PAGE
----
In order to help you remain focused and present in the office, even when you’re faced with an overwhelming amount of work, we’ve prepared this list of tips to help you remain calm, present and motivated. It is extensive, but we guarantee there’s something for everyone!
Meditate in Short Sessions
Short sessions of mindfulness meditation are an excellent way of preventing stress burn-out. Even when your daily to-do list makes it seem impossible to take a couple of minutes to meditate, you should definitely try.
The common misbelief about mindfulness meditation is that it takes a lot of time. That’s absolutely not true. Of course, it’s great if you have half an hour or more for meditation, but even short 5 or 10-minute sessions can do the trick.
Mindfulness meditation is very simple, yet so effective. It consists of breathing practice and mind and body awareness. You don’t need any special preparation, props, candles, or mantras (although you can include them if you like). All you need is a comfortable place to sit or lay down and an open mind.
Here’s how to practice mindfulness meditation:
Sit comfortably so you can relax all of your muscles.
Be aware of your legs and place them comfortably.
Strengthen your torso, but don’t stiffen it, just be aware of it.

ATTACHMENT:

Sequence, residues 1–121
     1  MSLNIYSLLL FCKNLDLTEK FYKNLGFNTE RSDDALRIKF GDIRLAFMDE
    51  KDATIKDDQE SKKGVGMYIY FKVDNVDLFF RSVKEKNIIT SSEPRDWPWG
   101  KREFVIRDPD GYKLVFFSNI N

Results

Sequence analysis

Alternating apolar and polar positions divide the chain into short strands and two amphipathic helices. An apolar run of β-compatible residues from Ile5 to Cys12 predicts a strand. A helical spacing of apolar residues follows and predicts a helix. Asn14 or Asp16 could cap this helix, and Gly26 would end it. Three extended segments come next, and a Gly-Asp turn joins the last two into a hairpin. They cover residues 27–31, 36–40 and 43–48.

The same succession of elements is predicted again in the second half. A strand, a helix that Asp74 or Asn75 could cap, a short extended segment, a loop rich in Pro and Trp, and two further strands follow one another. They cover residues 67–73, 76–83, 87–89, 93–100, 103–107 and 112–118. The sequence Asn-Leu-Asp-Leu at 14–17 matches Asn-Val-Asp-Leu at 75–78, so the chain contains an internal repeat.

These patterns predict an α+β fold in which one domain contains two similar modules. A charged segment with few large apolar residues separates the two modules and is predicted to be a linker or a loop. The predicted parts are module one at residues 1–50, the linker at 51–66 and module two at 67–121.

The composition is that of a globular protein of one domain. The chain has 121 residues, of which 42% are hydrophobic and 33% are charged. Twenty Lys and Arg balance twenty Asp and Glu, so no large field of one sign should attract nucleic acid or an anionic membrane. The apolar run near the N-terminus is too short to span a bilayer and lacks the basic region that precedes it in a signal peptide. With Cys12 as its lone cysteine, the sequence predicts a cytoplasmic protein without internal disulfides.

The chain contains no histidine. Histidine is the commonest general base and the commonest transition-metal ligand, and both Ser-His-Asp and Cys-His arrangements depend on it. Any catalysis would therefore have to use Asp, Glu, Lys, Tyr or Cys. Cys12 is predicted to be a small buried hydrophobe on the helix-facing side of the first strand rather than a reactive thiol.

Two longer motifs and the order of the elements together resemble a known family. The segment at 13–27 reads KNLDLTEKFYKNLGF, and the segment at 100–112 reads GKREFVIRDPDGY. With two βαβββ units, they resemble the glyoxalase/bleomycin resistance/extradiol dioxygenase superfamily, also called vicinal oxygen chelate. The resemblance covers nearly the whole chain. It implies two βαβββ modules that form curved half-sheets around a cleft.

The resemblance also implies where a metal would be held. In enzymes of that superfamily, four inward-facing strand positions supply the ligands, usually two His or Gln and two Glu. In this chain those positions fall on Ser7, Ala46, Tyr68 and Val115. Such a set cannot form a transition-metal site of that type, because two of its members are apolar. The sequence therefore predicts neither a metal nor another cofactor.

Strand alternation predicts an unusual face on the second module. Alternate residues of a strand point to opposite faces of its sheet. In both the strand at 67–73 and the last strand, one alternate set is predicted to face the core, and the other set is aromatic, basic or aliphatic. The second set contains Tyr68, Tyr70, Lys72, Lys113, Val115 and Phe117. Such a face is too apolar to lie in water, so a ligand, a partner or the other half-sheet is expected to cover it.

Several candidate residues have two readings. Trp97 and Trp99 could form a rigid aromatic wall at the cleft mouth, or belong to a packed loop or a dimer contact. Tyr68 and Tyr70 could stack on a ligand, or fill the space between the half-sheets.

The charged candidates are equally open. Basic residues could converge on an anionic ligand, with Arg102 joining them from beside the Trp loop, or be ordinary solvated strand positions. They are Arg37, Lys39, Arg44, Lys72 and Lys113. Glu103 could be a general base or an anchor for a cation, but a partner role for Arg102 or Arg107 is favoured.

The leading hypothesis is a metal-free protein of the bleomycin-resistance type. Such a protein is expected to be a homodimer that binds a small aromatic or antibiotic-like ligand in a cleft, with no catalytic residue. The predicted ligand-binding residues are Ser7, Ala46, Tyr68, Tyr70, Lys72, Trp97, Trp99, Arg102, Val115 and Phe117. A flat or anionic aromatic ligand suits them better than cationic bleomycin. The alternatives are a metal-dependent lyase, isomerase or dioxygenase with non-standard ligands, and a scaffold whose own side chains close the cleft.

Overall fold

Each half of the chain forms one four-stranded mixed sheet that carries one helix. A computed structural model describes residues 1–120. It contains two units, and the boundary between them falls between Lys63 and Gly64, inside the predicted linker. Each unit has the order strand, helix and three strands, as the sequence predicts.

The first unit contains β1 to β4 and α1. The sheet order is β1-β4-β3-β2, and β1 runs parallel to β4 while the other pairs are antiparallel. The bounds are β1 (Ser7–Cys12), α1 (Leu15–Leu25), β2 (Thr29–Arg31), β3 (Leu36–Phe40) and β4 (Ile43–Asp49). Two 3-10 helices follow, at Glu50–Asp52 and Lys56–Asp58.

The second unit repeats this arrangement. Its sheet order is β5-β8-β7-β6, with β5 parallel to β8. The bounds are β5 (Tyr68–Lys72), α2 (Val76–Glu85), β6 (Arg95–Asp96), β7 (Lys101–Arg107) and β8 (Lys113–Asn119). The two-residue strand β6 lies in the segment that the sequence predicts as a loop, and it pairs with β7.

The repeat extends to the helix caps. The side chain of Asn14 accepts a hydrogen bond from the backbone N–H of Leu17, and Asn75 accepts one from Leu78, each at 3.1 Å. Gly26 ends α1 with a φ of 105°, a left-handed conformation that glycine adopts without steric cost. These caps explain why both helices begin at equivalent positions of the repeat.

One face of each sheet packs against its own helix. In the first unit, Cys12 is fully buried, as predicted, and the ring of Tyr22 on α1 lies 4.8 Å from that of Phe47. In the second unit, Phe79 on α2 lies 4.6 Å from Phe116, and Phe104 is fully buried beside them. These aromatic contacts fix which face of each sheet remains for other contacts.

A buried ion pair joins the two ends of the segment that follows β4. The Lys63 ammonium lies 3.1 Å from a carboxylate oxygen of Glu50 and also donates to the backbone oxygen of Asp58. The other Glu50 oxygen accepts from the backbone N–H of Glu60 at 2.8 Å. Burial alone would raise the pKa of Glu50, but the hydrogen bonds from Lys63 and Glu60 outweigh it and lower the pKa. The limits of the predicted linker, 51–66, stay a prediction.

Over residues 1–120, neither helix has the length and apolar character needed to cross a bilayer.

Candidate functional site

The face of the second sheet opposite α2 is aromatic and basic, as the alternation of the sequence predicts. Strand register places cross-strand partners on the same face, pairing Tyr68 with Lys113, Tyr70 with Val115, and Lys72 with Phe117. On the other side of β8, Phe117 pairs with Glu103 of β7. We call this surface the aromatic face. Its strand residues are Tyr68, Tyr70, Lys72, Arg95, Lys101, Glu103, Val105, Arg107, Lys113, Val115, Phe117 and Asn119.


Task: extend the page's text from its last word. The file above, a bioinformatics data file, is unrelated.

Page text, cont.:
Be aware of your arms and place them in a relaxing and comfortable place.
Soften your eyelids by lowering your gaze or close your eyes completely. If your eyes remain open, don’t focus on anything, just let the imagery be.
Focus on your breath: breathe in through your nose and breathe out either through your nose or your mouth. Focus on the sensations in your chest and belly.
Notice when your attention moves elsewhere. That’s not a reason to stop the meditation, just return the focus on the process. Be kind to your wandering mind.
When you’re ready, gently exit the process of meditation and become aware of yourself, the environment, your thoughts, and emotions.
This is the basic meditation outline, however, you can enrich it with some guidance and additional steps, there are no strict rules. For example, you can focus on relaxing every part of your body by focusing on it and relaxing it consciously, or by stiffening and relaxing every muscle. Experiment until you find what works for you best.
Do Breathing Exercises
Mindfulness meditation is a lot about focusing on your breathing, but you can also do some breathing exercises separately from your meditation practice. We selected three easy breathing exercises you can practice anytime and anywhere to reduce stress, achieve calmness, and gain mind clarity.